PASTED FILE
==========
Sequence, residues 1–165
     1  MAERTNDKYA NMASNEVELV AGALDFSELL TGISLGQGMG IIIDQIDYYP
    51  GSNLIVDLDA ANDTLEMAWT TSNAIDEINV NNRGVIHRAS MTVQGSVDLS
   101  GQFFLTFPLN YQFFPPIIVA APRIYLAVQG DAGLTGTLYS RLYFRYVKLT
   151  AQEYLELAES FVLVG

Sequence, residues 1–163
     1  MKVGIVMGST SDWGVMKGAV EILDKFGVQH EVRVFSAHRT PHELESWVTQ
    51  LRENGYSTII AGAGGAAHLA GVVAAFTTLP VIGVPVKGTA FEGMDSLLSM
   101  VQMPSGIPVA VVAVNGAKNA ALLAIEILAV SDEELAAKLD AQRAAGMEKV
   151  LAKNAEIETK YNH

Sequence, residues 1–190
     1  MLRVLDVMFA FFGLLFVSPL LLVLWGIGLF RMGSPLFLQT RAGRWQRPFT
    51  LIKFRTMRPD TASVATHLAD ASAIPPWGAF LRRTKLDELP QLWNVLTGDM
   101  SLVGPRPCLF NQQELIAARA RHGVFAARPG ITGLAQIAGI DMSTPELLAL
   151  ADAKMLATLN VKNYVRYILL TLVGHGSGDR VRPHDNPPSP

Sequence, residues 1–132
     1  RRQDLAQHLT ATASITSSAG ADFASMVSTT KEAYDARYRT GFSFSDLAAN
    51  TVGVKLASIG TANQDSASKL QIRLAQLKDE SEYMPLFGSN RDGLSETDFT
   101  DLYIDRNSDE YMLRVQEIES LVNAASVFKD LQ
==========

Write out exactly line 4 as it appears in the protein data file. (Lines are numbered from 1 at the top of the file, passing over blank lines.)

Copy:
   101  GQFFLTFPLN YQFFPPIIVA APRIYLAVQG DAGLTGTLYS RLYFRYVKLT